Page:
The Guinness Mystery!

Okay, so it isn’t a true mystery in the sense of a whodunit.

But it does involve beer – yay! – and I did have to do a bit of sleuthing.

Just a couple of weeks ago, I decided to try a new recipe from my cooking classes.  I had a hunch my lads would enjoy Potato Cheddar Guinness Soup.  There’s just something enticingly tasty about cheese and beer together, right?

The only ingredient I didn’t have was the Guinness beer, and so I stopped by the local beer store to find some.  I used their computer system to search for it, and when the attendant brought me the two over-sized cans, they looked like regular, aluminum beer cans.  Kinda snazzy with black background and gold lettering.

And when I opened up the one can – keeping the other for a future soup-making session – I poured all the contents into the soup…..and oh!  What a wonderful aroma coming from the soup pot!

It was THEN… I turned the can back over to its upright position in order to put it off to the side, that I heard a dull clink sound inside the can.  How bizarre!  But I had to stay focused on finishing the soup and then cutting up the fresh baked bread to be served to my family.

Later on while doing the dishes, I again turned my attention to the can with the curious noise.  I turned the can upside down again, then shook it around, then tried peering into the small opening made with the snap opener…..but couldn’t really see the object inside the can that was making the fun little clink tones.

I asked my lads if they knew if this was a normal thing to find in a can of Guinness?  And yes, apparently, there is a tradition of some round bauble thing inside the can.

To make the beer taste better, they said.



By now some of you would have said, why don’t you just google it!  That seems to be the catch phrase these days.  I’m old school.  I will try other things first…..and then go, oh yeah, I can google it.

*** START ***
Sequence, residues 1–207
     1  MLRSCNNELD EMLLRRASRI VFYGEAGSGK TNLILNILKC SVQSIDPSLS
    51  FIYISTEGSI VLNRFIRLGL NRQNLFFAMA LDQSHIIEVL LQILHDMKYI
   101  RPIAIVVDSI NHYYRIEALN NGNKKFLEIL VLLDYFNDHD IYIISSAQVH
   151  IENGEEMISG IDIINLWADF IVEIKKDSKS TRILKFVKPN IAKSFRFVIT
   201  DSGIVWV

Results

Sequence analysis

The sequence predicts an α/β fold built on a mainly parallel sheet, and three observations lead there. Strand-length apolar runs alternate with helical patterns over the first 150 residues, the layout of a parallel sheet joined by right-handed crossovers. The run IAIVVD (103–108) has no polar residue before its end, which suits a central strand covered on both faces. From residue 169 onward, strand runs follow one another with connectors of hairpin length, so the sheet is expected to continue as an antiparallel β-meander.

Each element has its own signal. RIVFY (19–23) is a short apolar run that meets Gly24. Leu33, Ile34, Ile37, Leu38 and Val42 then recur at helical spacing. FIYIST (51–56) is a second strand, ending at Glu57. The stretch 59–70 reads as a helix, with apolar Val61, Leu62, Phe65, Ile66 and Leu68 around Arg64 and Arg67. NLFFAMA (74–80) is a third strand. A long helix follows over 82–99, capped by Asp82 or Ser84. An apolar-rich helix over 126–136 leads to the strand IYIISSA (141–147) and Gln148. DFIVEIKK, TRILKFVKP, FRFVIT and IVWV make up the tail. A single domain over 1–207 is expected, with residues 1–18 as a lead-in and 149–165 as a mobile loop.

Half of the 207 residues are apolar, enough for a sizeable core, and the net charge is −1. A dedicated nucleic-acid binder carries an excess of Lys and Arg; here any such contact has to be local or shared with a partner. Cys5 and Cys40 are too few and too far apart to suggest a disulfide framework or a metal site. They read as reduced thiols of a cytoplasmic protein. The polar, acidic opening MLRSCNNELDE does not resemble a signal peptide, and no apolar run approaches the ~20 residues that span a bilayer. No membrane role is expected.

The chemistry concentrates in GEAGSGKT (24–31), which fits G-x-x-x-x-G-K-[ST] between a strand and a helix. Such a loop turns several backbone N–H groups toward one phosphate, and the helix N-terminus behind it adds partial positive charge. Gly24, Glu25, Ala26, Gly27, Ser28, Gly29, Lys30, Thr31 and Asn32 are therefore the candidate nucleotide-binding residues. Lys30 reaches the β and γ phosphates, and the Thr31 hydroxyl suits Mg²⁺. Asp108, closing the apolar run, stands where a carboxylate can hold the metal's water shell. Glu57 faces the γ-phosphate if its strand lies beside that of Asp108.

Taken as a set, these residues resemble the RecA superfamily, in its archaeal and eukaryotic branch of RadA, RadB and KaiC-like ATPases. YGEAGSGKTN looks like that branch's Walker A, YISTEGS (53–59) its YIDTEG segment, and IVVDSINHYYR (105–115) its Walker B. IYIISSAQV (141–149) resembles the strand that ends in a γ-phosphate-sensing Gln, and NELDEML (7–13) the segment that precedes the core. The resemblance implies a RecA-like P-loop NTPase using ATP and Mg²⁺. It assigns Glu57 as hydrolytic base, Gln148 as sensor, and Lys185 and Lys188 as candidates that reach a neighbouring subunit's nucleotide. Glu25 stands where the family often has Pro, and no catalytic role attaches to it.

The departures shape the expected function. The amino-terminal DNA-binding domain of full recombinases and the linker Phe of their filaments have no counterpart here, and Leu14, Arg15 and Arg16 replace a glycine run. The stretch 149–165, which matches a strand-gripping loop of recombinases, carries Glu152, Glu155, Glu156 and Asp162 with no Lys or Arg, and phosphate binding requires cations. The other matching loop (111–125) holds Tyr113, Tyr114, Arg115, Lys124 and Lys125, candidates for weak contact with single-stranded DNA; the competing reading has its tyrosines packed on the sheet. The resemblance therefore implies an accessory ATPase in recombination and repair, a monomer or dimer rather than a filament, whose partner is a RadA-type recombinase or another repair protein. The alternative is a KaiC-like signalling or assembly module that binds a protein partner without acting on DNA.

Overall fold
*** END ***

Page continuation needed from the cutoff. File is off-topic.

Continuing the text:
So, I got out my trusty “hand-powered” can opener and cut around the top part of the can to finally discover the bauble surprise inside.

Isn’t it cute?!?!




Akin to a ping pong ball in lightness and looks – doesn’t bounce like one, though.  It just lands hard on the floor with a loud “blunk!’


IMG_4371 (2)




And after that bit of exploration and experimentation, I looked up what google had to say:

(written by Julia Calderone for the Business Insider, Sept. 25, 2015)

“…That little gadget is called a “widget,” and you should be thankful for it. It’s making your beer taste like it was just poured fresh from the tap.

A widget is a hollow, spherical piece of plastic with a tiny hole in it — it looks like a little ping pong ball.

During the canning process, brewers add pressurized nitrogen to the brew, which trickles into the hole along with a little bit of beer. The entire can is then pressurized.

When you open the can, the pressure inside the can drops to equalize with the pressure in the room. Since the pressure inside the widget is still much higher than the pressure in the beer around it, the nitrogenated beer from inside the widget squirts into the beer — providing a burst of tiny bubbles of nitrogen gas that rise to the top of beer, giving it a thick, creamy head you’d get straight from the tap.

Guinness brewers first patented the idea of the widget in 1969….”




Mystery solved!   😀





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